Now, the Panthers start each game by pounding a giant drum. And they've had a wide variety of people take part, including former NBA MVP and current Warriors star Steph Curry, who is the club's most famous fan.

Ice up, son

Listen, the Panthers don't have a Super Bowl trophy (don't judge), but perhaps the greatest moment in club history happened after the Panthers' win over the Patriots on "Thursday Night Football" in 2013, when Carolina receiver Steve Smith and New England cornerback Aqib Talib squared off. Like Katy Perry and Taylor Swift, these guys don't like each other -- but instead of diss tracks, Smith and Talib traded shoves and scrums.

After the game, Smith was asked what was going on with Talib, and you knew it was going to be gold. Because when it comes to trash talking, Smith is like the NFL's version of Dwayne "The Rock" Johnson. And he unloaded on Talib, who had missed some time that season with a hip injury.

"Go ask him, because he didn't finish the game. Ice up, son. Ice up," Smith said. And a legendary meme was born.

Walk-off touchdown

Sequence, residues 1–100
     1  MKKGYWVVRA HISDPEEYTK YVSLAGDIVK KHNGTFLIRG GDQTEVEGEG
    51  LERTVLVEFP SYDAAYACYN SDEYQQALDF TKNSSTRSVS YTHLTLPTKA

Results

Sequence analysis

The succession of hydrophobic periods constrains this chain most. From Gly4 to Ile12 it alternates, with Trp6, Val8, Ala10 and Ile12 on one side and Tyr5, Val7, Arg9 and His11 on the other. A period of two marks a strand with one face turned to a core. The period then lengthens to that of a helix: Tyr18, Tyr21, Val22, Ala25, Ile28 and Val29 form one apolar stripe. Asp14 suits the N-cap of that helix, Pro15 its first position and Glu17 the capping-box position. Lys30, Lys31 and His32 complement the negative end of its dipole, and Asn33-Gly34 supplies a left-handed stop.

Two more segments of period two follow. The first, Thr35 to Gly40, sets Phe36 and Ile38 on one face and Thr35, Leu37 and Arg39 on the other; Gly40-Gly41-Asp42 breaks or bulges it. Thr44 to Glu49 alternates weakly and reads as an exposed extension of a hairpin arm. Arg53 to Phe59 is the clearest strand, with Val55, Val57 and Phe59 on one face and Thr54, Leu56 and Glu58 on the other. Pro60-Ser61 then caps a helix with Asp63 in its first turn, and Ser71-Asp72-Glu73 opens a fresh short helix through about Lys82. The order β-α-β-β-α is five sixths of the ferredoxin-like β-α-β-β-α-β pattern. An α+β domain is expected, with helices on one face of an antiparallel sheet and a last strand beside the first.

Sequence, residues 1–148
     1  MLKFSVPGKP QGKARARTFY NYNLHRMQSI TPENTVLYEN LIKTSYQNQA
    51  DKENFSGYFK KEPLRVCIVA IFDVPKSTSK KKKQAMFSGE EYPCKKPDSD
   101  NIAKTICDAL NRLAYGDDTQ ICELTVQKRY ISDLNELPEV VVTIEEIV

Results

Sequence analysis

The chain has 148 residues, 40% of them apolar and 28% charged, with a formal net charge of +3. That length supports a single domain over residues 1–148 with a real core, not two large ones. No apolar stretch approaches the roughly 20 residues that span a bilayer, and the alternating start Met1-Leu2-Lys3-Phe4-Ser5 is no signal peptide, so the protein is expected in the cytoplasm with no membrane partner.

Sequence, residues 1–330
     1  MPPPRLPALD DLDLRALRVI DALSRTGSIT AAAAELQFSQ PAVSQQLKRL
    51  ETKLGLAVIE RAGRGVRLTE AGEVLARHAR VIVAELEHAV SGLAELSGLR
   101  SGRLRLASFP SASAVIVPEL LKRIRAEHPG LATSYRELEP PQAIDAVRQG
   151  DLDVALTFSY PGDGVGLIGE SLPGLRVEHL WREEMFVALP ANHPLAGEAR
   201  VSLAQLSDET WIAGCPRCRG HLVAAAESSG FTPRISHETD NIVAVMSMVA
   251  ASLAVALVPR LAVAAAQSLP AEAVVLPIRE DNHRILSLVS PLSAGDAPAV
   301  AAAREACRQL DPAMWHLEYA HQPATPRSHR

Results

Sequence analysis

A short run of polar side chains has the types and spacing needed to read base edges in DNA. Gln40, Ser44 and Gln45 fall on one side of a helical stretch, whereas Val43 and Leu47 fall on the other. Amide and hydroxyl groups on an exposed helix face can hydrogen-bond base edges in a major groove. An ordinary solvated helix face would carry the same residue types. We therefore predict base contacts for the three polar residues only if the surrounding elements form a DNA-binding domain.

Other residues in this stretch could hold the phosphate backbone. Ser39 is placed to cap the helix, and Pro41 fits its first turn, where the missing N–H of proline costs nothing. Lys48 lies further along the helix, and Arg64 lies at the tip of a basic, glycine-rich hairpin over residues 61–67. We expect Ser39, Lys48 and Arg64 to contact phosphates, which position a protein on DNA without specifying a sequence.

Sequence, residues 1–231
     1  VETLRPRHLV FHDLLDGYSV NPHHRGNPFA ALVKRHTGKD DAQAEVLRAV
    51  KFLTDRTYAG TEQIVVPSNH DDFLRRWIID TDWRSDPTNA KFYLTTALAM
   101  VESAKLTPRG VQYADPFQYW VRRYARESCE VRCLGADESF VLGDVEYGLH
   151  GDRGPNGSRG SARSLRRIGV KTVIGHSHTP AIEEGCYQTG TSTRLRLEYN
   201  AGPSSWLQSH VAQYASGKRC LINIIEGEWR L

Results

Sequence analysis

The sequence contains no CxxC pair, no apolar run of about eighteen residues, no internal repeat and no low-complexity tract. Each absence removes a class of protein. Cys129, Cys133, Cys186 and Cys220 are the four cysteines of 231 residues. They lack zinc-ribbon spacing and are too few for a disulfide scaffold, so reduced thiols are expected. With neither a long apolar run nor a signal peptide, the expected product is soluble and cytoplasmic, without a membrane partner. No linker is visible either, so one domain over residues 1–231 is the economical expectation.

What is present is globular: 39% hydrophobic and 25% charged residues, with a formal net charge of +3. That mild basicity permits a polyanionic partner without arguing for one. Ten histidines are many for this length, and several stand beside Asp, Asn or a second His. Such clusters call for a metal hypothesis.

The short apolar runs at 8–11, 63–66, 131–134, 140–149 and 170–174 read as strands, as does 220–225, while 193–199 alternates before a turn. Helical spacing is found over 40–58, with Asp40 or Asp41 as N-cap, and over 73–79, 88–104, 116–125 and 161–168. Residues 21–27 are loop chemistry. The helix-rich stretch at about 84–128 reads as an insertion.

All right, now for a serious Steve Smith moment. The Panthers went to St. Louis for a Divisional Round matchup in the 2003 playoffs and dominated the Rams for most of the contest -- until the Rams scored 11 points in the final 2:39 to force overtime. (Thanks to then-Rams coach Mike Martz for playing for the tie and not trying to win. It was not the only time Martz would greatly benefit the Panthers franchise.)

The game went into double overtime, and then Jake Delhomme hit Smith, who got past Jason Sehorn and raced 69 yards for the touchdown. The Panthers would go to Philadelphia the following week and knock off the Eagles in the NFC Championship Game to advance to the Super Bowl.

OK, so how else did Martz help the Panthers?

The Chicago Bears selected Greg Olsen in the first round of the 2007 NFL Draft, and he was a pretty good tight end. But in 2010, Martz became the Bears' offensive coordinator, and apparently he felt he couldn't utilize a player like Olsen, which is stupid. Because if you have a player with that kind of talent, you make it work. Instead, the Panthers ended up with a pretty amazing tight end who has been among the top three at his position for the last five years at least.

Broken arm

I don't want to turn this into a Steve Smith Sr. love-fest, but the dude caught a pass from Derek Anderson Matt Moore, broke his damn arm, and then waltzed into the end zone.

So, is Smith a Hall of Famer?

He is. Next question.